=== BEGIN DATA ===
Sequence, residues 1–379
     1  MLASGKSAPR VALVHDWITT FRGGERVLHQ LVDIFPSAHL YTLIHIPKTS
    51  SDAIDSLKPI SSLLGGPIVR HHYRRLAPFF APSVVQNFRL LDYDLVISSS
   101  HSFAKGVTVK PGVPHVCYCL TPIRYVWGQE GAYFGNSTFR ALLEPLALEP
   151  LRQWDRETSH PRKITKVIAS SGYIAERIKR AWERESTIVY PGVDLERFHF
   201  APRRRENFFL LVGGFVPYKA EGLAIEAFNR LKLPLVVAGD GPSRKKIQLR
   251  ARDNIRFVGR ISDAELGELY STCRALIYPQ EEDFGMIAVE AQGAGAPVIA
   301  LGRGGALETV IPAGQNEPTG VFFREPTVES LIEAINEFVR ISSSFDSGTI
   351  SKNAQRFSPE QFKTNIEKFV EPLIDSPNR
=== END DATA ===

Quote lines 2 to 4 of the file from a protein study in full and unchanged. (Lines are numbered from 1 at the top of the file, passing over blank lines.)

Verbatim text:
     1  MLASGKSAPR VALVHDWITT FRGGERVLHQ LVDIFPSAHL YTLIHIPKTS
    51  SDAIDSLKPI SSLLGGPIVR HHYRRLAPFF APSVVQNFRL LDYDLVISSS
   101  HSFAKGVTVK PGVPHVCYCL TPIRYVWGQE GAYFGNSTFR ALLEPLALEP